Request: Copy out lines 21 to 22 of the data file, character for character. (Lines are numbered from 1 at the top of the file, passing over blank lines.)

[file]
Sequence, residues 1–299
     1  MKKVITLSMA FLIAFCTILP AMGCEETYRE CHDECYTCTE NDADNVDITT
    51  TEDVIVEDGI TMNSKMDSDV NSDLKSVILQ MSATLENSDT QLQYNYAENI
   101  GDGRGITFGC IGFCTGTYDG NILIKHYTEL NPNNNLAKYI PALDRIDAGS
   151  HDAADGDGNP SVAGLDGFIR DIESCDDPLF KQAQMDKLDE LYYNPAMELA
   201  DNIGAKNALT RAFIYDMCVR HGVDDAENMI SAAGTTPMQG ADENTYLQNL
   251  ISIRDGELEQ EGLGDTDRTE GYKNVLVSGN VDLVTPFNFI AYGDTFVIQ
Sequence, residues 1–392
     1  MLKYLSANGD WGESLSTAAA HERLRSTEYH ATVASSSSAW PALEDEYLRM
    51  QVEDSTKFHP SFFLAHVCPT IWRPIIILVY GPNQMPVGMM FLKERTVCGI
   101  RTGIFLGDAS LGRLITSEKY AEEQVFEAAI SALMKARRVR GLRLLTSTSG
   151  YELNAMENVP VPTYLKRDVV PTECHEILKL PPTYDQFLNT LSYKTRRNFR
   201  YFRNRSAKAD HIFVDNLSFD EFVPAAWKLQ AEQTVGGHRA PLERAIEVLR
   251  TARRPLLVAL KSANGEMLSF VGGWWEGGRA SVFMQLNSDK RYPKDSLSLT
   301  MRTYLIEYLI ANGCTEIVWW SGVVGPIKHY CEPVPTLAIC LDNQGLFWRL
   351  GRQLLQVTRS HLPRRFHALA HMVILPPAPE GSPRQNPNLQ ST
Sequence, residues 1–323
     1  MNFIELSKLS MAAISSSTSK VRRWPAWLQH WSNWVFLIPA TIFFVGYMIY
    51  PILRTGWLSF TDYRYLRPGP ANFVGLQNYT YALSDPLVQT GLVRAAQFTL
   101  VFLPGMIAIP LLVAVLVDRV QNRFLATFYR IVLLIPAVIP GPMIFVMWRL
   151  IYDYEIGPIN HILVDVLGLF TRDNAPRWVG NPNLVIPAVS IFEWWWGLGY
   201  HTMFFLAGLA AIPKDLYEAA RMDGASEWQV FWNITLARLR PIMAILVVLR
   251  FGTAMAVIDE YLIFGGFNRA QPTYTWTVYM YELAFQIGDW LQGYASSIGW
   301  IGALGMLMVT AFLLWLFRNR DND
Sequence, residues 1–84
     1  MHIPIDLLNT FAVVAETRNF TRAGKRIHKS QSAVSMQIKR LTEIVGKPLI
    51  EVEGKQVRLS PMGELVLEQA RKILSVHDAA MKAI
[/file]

   151  IYDYEIGPIN HILVDVLGLF TRDNAPRWVG NPNLVIPAVS IFEWWWGLGY
   201  HTMFFLAGLA AIPKDLYEAA RMDGASEWQV FWNITLARLR PIMAILVVLR